By the end of this month, the final groups for Euro 2020 will have been decided and all eyes turn to the tournament starting in June. This year’s final competition will be multi-hosted, commemorating 60 years of European Championships. 1960 marked the inauguration and since then, 10 different nations have won the trophy with Germany (formerly West Germany) and Spain the most prolific winners with three championships each. The football betting odds are currently in England’s favour, but let’s go back in time to some of the most iconic finals.

1964

In the 1964 European Nations’ Cup Final, Spain became the first host nation to win the tournament. They faced the maiden winners, the Soviet Union in the final and prevented them from becoming back-to-back winners. It took extra time for Spain to secure their place in the final, as they beat Hungary 2-1, while the Soviet Union hammered Denmark 3-0 at the Nou Camp. 

The cauldron that is the Santiago Bernabéu in Madrid played host to the final, which was won within 90 minutes. A one-goal lead is always a fine margin, and so it proved again as the hosts were immediately pegged back after taking the lead through Jesús María Pereda – Galimzyan Khusainov equalising within two minutes to set up a thrilling encounter. It took six minutes for Spain to take the lead, and six minutes from time they restored their lead, through Marcelino. 

Read the rest of this entry →

The Changing Face of Soccer in England’s Top Tier 0

Posted on January 22, 2020 by John Harris

We’re now into a new decade and Liverpool are on route to shattering English Premier League records left, right and centre but how else has the game evolved over the past 10 years?

VAR 

The technology in the Premier League is unquestionably one of the hottest topics on people’s lips this season. The introduction of VAR – video assisted referees – came in at the start of the 2019/20 season and it’s fair to say everyone is divided on whether or not it’s a good thing for the game. The concept was well received but the manner in which it’s being used is killing the game for many fans as celebrations are being put on hold and goals are being determined by the smallest margins with offside decisions becoming laughably tight.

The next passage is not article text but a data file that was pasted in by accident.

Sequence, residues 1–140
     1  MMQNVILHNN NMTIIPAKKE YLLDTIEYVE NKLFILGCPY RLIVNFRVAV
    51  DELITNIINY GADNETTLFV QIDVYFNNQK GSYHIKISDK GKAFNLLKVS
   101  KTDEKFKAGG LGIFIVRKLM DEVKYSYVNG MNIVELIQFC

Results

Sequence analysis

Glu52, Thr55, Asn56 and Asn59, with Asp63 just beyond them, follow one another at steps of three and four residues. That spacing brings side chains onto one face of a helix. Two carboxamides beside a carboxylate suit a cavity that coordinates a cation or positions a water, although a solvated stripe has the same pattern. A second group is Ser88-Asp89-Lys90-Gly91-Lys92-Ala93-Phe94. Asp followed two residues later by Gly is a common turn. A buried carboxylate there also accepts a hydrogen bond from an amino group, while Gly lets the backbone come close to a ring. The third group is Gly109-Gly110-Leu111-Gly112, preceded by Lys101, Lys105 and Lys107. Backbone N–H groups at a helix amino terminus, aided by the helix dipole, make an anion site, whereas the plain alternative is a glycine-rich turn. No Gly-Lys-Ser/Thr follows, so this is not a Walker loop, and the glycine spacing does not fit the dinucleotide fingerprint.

Then, of course, there is the length of time it takes for decisions to be reached. This and the lack of engagement with fans in the grounds are the biggest complaints with the argument regularly made that the same issues don’t occur in other sports such as the NFL where Super Bowl 2020 will be televised globally in the coming weeks to prove how tech can enhance the game just to rub salt into the wounds of soccer. 

Goal line technology 

Despite the teething issues with VAR it would be too much of a sweeping statement to claim that soccer can’t do technology. In 2013, goal line technology was introduced and has been a roaring success as it transmits a signal in milliseconds to confirm when the ball has crossed the line. Sure, you no longer get talking points like the infamous ‘ghost goal’ but key decisions, such as potentially title deciding decisions like in last years match between Man City and Liverpool,  are correct.

Read the rest of this entry →
  • Vintage Athlete of the Month

    • Randy White: The Manster
      September 4, 2020 | 5:14 pm

      In recognition of the start of football season, we have selected a two-time All-American from the University of Maryland who went on to earn a spot in both the College and Pro Football Hall of Fames as our Sports Then and Now Vintage Athlete of the Month.

      Randy White actually came to the University of Maryland as a fullback, but as a sophomore new head coach Jerry Claiborne recognized that he had the skills to be a great defensive lineman and quickly moved him to defense.

      Read more »

    • RSSArchive for Vintage Athlete of the Month »
  • Follow Us Online

  • Check out the best free bets at freebets4all. Learn how to convert online bookmakers free bets into guaranteed cash using the matched betting technique.

  • Current Poll

    Which NFC Team Will Reach the Super Bowl?

    View Results

    Loading ... Loading ...
  • Post Categories



↑ Top